Manchin discusses education challenges during visit to Liberty High School | Clarksburg Exponent
CLARKSBURG — Sen. Joe Manchin spoke to Harrison County students Friday about education challenges and what he could do to facilitate solutions.
Manchin, D-W.Va., visited Liberty High School, along with Harrison County Superintendent Dr. Mark Manchin and school board members Kristen Messenger and Frank Devono Jr.
High school and middle students, teachers and administrators from around the county were invited to participate in the roundtable discussion.
“Your generation will be challenged to remain the superpower of the world. ... Productivity and the quality of education will determine that,” Manchin said.
Students addressed their concerns about several issues, including college debt, social media, standardized testing and year-round school.
Manchin said the PROMISE Scholarship can provide up to $4,200 a year in college funding. It was necessary to cap the award because the scholarship program was going broke, he said.
Students should look at schools that offer the degree they want and investigate all grants, loans and scholarships available, he said.
“Be very smart about college debt. It will affect your entire life,” Manchin said. “You can’t refinance student debt. I’m trying to change that to take advantage of the markets and refinance loans.”
One student said many teenagers are not aware of what’s available at West Virginia colleges and that many more are intimidated by the college application process.
Manchin said he would work with the state Higher Education Policy Commission to come up with a consolidated website to evaluate every college in the state, as well as a one-stop financial aid website.
A teacher stressed the need to target middle schoolers when it comes to planning for college.
Mountaineer Middle School will host a Career Day on Nov. 13 that will do just that, as well as feature other career options for students to consider after graduation.
Superintendent Manchin reported that a Grading Policy Committee is looking at the rule that exempts students from taking exams if the student has good grades and attendance.
Sen. Manchin said students can’t take an exam because of that policy, and then many of them don’t make it in college.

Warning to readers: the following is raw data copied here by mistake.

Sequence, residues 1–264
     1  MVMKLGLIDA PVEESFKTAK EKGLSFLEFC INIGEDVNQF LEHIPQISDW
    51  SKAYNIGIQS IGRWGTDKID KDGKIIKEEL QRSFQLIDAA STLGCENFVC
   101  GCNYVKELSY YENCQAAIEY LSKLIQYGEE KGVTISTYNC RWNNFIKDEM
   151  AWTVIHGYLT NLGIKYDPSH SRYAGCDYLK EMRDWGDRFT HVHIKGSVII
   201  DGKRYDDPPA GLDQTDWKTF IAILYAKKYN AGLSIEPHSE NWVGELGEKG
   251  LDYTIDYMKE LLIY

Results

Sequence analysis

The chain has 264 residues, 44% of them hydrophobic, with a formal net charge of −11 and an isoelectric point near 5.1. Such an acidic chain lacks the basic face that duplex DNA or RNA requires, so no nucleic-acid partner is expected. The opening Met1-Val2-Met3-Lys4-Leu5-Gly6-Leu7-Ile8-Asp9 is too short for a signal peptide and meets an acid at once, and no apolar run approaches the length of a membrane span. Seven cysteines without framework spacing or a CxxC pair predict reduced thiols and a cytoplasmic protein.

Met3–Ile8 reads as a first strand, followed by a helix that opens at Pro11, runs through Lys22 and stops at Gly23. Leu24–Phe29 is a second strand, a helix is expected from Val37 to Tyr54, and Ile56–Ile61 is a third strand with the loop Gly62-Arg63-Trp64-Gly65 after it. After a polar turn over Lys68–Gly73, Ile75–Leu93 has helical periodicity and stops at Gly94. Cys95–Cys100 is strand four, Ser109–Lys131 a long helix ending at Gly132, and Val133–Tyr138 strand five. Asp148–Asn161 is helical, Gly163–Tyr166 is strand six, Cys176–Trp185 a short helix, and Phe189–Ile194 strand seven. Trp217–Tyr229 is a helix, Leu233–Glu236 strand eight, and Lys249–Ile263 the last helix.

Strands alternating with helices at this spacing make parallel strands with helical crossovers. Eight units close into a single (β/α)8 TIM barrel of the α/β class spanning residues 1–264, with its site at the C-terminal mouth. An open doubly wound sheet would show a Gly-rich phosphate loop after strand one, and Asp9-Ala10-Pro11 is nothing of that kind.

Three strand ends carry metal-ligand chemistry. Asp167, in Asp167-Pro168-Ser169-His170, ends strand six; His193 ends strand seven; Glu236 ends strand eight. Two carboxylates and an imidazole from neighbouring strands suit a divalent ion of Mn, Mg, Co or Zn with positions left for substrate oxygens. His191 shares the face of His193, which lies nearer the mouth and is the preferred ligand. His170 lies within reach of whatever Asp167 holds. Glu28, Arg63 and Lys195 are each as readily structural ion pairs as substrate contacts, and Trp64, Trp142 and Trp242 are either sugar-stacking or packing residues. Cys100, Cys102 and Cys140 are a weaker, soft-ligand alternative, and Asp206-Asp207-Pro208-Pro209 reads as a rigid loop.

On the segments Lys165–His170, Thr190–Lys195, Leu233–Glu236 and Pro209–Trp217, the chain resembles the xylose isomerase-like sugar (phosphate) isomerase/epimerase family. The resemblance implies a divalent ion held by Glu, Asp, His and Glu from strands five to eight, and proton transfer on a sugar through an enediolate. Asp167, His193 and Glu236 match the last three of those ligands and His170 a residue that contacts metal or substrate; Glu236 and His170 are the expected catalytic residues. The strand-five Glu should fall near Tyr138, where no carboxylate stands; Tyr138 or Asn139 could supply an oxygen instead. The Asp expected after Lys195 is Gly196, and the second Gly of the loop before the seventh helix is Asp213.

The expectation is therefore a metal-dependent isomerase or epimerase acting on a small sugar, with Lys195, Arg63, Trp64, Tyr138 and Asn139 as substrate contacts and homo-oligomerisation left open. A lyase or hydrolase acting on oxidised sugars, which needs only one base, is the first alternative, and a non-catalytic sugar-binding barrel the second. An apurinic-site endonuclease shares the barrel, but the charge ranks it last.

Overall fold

He said he supports waivers for teachers, administrators and counties to try new approaches to make education better.
“We have broad flexibility,” Superintendent Manchin told the audience. “There is certain criteria, but we have full authority of how we get there. Tell us what you need.”
Much concern was voiced about the integrated math courses that are part of the Common Core education standards.
“We’ll be competing globally,” Superintendent Manchin said in response. “There are certain standards you should have as we expand Common Core.”
The senator also broached the subjects of gun control, minimum wage and cell phones in school.
“It is not guns that kill people, but people who kill people. I support responsible gun ownership,” he said.
Sen. Manchin said he believes cell phones in class are detrimental to the teaching and learning process and that more counties should consider year-round school.
“It is nine weeks on and three weeks off for continuity of what you learn. It is a total of 36 weeks,” he said.
Criminal background checks should be mandatory for all personnel in schools, Manchin said. One teacher remarked that instituting a drug test would make it difficult to find teachers for some schools.
“People are leaving the teaching profession. ... Empower me to do my job. ... Raise the value and compensation of teachers,” remarked another educator.
Superintendent Manchin commended the students’ insights into the challenges of the education system.
Messenger told the students it is her goal to get more high school students to take college freshman algebra, because not doing so is the No. 1 reason students don’t make it through the first year of higher education.
By: Darlene Swiger
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